Total RNA was extracted from cells at 4°C using the RNeasy kit (Qiagen, USA) and reverse-transcribed using Superscript II (Invitrogen, USA). Primers for cell-specific genes were designed using the Probefinder software (http://qpcr.probefinder.com/organism.jsp webcite) from the Universal Probe Library (UPL) Design Center (Roche). The comprehensive list of primer and probe sequences are detailed (Additional file 9: Table S3). Quantitative real-time PCR (qPCR) was carried out with the iCycler System (BioRad) following the protocol previously described [63]. The sequences of the elongation factor EEF1A1 (H. sapiens) was used as the reference gene since. Both absolute and relative quantification analysis were done using comparative Ct (ΔΔCt method) [64]. The vRNA copy number was determined as follows. Briefly, both N gene representing the vRNA copy number and EF gene were PCR-amplified, gel-extracted and quantified. Serial dilutions of each were made and measured to determine the Ct values. All copy numbers presented in the result are calculated based on 104 EF copy number. Relative FC of the host virus gene expression were calculated with respect to the mock-infected cells and normalized with the corresponding cell line’s EF gene.

Additional file 9: Table S3. Primer and probes sequences designed for real-time qPCR. Primer sequences and UPL probes (Roche) used for real-time qPCR validation . RSV N gene, IFN-β1: interferon β; OAS2: 2’, 5’-oligoadenylate synthase 2; OASL: 2’, 5’-oligoadenylate synthase-like; RSAD2: radical S-adenosyl methionine domain containing 2; HMGCR: 3-hydroxy-3-methyl-glutaryl-CoA reductase; CH25H: cholesterol 25-hydroxylase; TAP1: Antigen peptide transporter 1; CD40:CD40; RANTES (CCL5); EF: elongation factor.

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Microarray analysis

The mouse genome-wide gene expression was examined using the GeneChip® Mouse Genome 430 2.0 Array (Affymetrix) high density microarray systems. The cells were harvested at 4°C using RNAlater (Ambion) in PBS buffer. Total RNA was extracted using the RNeasy minikit (Qiagen). Double-stranded cDNA was synthesized from 3 μg of total RNA with the GeneChip One-Cycle cDNA synthesis kit (Invitrogen, Affymetrix), followed by synthesis of biotin-labelled cRNA using the GeneChip IVT labelling kit (Affymetrix). After fragmentation, 15 μg of labelled cRNA was hybridized to the arrays, which were washed and stained using the GeneChip Fluidics Station 450 (Affymetrix), and then scanned with the GeneChip scanner 3000 (Affymetrix). Quality control, GeneChip hybridization and data acquisition were performed according to the standard protocols available from Affymetrix. Normalization using a global scaling strategy to a target intensity of 500 was first performed using GCOS (v1.1, Affymetrix) before uploading the .CHP data file into GeneSpring GX 11.0 (Agilent) for data analysis. Further normalizations were carried out in GeneSpring: (a) per chip normalization to the 50th percentile and (b) per gene normalization where RSV-infected samples were normalized to mock-infected samples. Genes were selected for statistical analysis according to the following criteria: (i) only genes that were flagged as present in all three replicates (mock- or RSV-infected), and (ii) a FC of ≥2 or ≤ -2 between RSV- and mock-infected samples in all triplicate microarray experiments. Finally, a one-way analysis of variance (ANOVA) of the above selected genes was performed with a P-value cut-off of less than 0.05 to determine significantly up- and down-regulated genes during RSV infection. The function, biological processes and pathways of these genes were then examined using the GeneSpring program. All microarray data was deposited as MIAME-compliant data submissions GSE31378 in the Gene Expression Omnibus. Functional interpretation of differentially expressed genes was analyzed and these genes were grouped based on their biological function and cellular component as annotated by Gene Ontology (GO). The known pathways of differentially expressed genes associated with metabolism and signalling were investigated by canonical pathway analysis using Ingenuity Pathways Analysis (IPA; Ingenuity Systems http://www.ingenuity.com webcite). Those differentially expressed genes with known gene IDs and corresponding expression fold changes were uploaded into the software. P-value was used to determine the probability that the association between the genes in the dataset and the canonical pathway. IPA uses a right-tailed Fisher’s exact test to calculate p-value for canonical pathway analysis, with a p-value cut-off of ≤ 0.05.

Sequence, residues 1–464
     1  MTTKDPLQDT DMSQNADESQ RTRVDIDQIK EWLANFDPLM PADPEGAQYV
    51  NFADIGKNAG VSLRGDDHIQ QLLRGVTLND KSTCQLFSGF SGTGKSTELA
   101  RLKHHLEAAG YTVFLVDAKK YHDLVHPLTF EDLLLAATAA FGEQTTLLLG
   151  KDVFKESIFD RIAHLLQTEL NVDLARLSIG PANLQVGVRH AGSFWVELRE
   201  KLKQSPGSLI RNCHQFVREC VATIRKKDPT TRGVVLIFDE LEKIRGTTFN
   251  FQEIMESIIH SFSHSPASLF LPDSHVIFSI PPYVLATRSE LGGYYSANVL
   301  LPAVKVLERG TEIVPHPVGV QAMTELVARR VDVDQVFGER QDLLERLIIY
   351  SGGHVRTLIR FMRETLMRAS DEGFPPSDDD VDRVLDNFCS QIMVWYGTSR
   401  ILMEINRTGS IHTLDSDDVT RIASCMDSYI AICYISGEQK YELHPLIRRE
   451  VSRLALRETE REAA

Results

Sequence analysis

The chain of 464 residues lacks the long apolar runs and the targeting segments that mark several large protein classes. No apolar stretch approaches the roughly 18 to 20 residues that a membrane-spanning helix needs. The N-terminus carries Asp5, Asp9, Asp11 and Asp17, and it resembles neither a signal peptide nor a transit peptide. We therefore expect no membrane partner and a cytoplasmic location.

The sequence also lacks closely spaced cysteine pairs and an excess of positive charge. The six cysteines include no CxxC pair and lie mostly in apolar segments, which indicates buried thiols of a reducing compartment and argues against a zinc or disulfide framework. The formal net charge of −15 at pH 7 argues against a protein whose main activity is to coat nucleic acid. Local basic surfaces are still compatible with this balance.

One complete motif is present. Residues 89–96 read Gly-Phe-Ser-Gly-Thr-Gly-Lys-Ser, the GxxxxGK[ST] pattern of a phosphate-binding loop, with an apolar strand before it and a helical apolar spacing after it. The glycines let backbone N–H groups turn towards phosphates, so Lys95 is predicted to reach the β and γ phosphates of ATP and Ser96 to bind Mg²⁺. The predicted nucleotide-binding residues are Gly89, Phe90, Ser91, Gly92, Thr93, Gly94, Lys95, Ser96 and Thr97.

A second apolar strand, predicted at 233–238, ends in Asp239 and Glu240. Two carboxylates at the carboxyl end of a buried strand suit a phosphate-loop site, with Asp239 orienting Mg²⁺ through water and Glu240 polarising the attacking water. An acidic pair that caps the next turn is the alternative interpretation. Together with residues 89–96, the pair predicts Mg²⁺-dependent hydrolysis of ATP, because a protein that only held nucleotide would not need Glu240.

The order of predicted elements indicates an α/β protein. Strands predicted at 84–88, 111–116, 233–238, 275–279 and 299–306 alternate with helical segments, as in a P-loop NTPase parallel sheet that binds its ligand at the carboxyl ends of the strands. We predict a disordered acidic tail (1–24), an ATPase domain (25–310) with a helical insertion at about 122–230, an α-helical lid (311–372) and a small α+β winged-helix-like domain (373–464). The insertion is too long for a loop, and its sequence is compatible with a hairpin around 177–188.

Electron microscopy

a) Scanning electron microscopy. Cells grown on glass coverslips were critically point dried (Polaron CPD) prior to mounting on aluminium stubs and carbon-coated using an Edwards sputter coater device [60]. The cells were visualized with a Jeol 5600 using appropriate machine settings. b) Transmission Electron Microscopy. Cells were processed as described previously [60]. Briefly, cell monolayers were pelleted in BEEM capsules (TAAB) and fixed with 2.5% (v/v) glutaraldehyde in PBS at 4°C. The cell pellet was post-fixed with 1% (w/v) osmium tetroxide solution (TAAB) and dehydrated through a gradient of ethanol concentrations. The cell pellet was infiltrated with epon 812 (TAAB Laboratories), and heat polymerized at 65°C for 24 hr. Ultrathin sections were stained using uranyl acetate (saturated in 50:50 ethanol/water), counter-stained with lead citrate and examined in a Jeol 1400 transmission electron microscope.

Competing interests

The authors have declared that no competing interests exist.

Authors’ contributions

Conceived and designed the experiments: RJS. Performed the experiments: LL, LIR, RS, PSW, CR, BHT. Analysed data: CH RS. Wrote the paper: RJS. Assisted in manuscript preparation BHT. All authors read and approved the final manuscript.

Acknowledgments

This research was supported by the National Research Foundation Singapore through the Singapore-MIT Alliance for Research and Technology's Infectious Disease IRG research programme. The funders had no role in study design, data collection and analysis, decision to publish, or preparation of the manuscript. We thank Dr Christiane Ruedl for technical advice in cell preparation. Laxmi Iyer Ravi, Richard Sutejo and Chen Hui are recipients of NTU PhD scholarships (Ministry of Education, Singapore).